Study objectives: To explore the effect of sleep loss on cognitive function, memory, and vigilance in resident physicians and nonphysicians and on residents' clinical performance.
Design: Meta-analysis of 60 studies on the effect of sleep deprivation, with a total sample of 959 physicians and 1,028 nonphysicians and 5,295 individual effect indexes.
Outcome measures: Cognitive performance and performance on clinical tasks under acute and partial chronic sleep deprivation. Additional analyses stratified the data by physician/nonphysician, type of performance, and length and type of sleep loss and assessed the combined effect of several of these factors.
Results: Sleep loss of less than 30 hours reduced physicians' overall performance by nearly 1 standard deviation and clinical performance by more than 1.5 standard deviations. The effect of sleep deprivation was larger in nonphysicians than in physicians (corrected d value -.995 vs -.880), with these smaller effects likely resulting from "study factors," primarily variation in the hours without sleep prior and chronically reduced sleep in the "rested" controls in physician studies.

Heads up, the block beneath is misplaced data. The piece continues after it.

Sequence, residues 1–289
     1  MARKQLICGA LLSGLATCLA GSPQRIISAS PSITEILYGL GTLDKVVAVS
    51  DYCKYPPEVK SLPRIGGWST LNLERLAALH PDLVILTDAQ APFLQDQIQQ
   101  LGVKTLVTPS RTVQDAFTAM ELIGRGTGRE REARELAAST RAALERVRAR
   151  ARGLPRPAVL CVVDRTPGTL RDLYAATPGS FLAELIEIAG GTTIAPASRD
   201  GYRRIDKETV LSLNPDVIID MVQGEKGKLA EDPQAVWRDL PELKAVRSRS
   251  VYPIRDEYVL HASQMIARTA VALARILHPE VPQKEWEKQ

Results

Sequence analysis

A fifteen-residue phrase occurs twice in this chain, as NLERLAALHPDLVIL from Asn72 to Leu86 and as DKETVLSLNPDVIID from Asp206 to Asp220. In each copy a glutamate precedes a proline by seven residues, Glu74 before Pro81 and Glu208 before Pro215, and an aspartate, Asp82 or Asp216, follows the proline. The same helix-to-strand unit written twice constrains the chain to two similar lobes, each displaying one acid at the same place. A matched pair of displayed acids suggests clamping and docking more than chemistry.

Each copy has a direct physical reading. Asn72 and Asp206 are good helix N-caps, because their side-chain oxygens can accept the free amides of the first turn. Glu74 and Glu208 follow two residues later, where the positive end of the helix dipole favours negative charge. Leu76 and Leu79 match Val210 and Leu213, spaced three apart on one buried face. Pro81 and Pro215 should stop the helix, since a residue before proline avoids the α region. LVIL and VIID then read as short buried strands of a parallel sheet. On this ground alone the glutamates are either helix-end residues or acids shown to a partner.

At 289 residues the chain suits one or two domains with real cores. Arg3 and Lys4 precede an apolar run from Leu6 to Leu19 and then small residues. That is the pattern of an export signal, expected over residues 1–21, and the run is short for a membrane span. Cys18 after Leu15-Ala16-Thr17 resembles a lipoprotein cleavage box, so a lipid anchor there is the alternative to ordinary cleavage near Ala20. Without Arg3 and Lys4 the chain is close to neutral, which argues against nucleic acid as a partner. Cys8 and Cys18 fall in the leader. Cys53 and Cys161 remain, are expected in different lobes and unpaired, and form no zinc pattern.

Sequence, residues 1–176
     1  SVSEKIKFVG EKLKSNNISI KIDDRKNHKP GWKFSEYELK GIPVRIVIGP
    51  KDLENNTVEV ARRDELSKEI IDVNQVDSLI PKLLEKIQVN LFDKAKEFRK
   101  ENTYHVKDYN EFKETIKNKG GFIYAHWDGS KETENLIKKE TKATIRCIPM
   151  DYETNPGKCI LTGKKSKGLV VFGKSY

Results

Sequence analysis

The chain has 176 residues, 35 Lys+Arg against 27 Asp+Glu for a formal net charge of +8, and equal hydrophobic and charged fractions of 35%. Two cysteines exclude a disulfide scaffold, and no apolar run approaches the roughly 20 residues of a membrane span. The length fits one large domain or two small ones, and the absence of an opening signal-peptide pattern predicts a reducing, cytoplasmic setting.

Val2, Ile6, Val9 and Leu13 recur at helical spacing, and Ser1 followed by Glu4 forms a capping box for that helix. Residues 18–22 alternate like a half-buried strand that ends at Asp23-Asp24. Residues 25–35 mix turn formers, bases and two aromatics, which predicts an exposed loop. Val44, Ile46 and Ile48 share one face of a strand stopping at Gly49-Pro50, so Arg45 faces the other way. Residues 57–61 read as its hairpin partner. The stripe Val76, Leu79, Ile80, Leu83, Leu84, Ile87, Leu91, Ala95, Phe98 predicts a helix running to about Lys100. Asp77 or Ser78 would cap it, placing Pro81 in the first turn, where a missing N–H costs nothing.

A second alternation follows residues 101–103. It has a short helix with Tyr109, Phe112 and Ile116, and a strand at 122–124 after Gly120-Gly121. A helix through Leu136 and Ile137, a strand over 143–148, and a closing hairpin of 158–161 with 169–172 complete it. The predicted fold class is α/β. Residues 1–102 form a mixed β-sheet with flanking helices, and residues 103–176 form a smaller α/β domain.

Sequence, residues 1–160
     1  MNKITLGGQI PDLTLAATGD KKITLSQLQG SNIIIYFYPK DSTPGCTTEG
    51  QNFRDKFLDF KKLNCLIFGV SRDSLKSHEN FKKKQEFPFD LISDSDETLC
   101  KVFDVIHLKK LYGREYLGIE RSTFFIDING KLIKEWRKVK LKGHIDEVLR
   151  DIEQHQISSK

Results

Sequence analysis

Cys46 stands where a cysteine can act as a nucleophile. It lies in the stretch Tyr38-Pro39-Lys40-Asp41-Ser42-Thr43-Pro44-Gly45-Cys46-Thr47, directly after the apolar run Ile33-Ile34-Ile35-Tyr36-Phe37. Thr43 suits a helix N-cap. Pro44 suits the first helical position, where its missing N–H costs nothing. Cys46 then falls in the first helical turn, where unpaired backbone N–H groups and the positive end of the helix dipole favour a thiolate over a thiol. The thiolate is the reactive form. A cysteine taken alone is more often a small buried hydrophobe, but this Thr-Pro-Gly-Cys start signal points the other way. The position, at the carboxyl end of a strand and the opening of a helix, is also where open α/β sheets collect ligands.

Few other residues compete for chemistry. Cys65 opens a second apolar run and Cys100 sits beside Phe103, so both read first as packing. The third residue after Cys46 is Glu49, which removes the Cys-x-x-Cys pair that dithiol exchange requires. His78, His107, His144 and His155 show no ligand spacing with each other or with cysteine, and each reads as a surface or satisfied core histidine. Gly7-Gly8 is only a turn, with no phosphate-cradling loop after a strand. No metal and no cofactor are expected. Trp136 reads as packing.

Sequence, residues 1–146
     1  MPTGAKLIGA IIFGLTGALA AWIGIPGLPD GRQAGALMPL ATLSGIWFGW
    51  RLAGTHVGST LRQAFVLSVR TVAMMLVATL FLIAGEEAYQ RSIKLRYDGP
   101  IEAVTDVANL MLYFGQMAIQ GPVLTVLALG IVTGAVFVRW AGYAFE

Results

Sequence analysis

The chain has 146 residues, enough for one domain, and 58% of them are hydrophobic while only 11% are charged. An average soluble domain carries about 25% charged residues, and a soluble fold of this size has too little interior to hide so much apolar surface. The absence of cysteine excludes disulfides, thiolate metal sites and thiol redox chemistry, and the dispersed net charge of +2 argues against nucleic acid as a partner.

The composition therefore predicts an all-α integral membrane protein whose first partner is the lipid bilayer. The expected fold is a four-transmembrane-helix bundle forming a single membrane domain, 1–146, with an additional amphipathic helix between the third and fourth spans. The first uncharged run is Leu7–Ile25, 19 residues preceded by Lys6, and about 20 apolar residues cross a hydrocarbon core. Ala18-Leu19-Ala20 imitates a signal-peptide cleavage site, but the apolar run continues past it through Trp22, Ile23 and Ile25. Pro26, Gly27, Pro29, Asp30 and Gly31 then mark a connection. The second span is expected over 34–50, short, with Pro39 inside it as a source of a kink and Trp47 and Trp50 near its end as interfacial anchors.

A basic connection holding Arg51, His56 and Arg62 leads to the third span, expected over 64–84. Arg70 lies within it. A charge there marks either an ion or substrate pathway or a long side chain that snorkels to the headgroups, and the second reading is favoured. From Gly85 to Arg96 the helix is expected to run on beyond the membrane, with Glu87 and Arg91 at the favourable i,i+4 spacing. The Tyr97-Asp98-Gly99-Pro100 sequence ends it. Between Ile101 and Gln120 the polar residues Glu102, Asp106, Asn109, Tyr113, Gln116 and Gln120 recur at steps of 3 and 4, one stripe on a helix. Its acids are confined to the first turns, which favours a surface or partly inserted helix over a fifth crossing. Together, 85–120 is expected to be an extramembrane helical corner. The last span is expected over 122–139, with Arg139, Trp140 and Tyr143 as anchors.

Conclusions: The weekly hours and continuous wakefulness permitted under the current national minimum standards for residents may not completely guard against the negative effect of sleep loss on cognitive and clinical performance. Research is needed to explore the effect of continuous duty periods and chronic partial sleep loss in residents and to assess the clinical and educational consequences of sleep loss. The goal should be to combine scientifically based duty-hour limits with broader efforts to enhance patient safety and resident learning.